I used to work from home as well - and on a hackintosh, where there's plenty that can go wrong. I would start on Friday night and if I can't get done by Monday morning, I'd swap the other drive in to use for a few days. Since my data was on another partition, I could work all week from the spare drive and then swap in the main drive again any time I want to keep working on getting it all going. When I get everything how I like it, I do one last backup of Chrome and Mail and migrate those back to the upgraded system.

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@omnichad: i only used time machine, and I do have an old back up using "backup" of my computer on snow leopard. Both were done on separate external drives.
To say I am not computer savvy is an understatement.
Is there any way / any hope for someone like me to do an appropriate back up ?
What you wrote may as well been in greek to me.
help.

thank you .

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@ceagee: Time Machine is sufficient to get you up and running again after a problem without losing any data. I was just sharing with cengland0 something that I use to handle failure more quickly - since he's working from home.

In fact, that backup could easily move you to a new computer just as well.

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I upgraded and so far I like it. I haven't seen any huge differences compared to mt. lion, but a few things that were acting buggy before seem to be fixed.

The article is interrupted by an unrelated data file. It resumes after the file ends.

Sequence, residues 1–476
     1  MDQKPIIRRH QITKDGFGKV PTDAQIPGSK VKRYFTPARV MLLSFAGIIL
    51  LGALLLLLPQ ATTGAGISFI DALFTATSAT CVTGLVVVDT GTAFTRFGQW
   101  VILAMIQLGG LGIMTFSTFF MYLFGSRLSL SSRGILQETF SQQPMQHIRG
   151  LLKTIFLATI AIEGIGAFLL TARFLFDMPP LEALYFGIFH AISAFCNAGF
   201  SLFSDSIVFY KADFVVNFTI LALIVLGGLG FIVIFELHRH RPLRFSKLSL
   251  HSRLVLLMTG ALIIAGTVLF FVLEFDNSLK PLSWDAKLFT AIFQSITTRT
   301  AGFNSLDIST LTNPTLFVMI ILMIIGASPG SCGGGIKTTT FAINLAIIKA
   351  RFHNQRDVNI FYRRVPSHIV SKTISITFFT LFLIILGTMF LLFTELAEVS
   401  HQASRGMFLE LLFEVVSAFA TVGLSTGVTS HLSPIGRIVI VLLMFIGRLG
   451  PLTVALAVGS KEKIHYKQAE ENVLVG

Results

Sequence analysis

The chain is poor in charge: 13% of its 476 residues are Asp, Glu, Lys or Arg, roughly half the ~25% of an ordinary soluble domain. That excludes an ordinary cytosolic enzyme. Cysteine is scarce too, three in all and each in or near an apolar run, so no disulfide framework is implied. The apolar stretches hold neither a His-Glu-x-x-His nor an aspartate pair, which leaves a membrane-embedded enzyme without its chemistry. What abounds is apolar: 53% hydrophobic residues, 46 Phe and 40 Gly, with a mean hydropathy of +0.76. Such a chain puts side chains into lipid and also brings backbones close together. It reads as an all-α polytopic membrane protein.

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@omnichad: Thanks for the info. Is there any use at all for the old "Back up" program ? It keeps prompting me and I click it away. I know I can go in and change settings or maybe just get rid of the thing ?

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@ceagee: It might also be good to note that anytime you buy a new HDD (especially if it's an SSD) it likely comes with its own software to copy your drive. That software is made to be easy to use and requires no real pre-techy-computer knowledge.

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@ceagee: Guess I'm not familiar with that one. Is it possible that came with one of your drives?

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@omnichad: It came w/ my Mac.{3yo} Not sure it it was part of iLife or it's own thing. Was awhile ago. Apparently it works w/ Mavericks cause I didn't get a notice that it didn't mesh.

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@nmchapma: I just plugged it in and it triggered Time Machine to open and did it's thing. All I did was hook it to the usb port.
It's a G drive brand. I may of even bought it from Apple or maybe Macmall.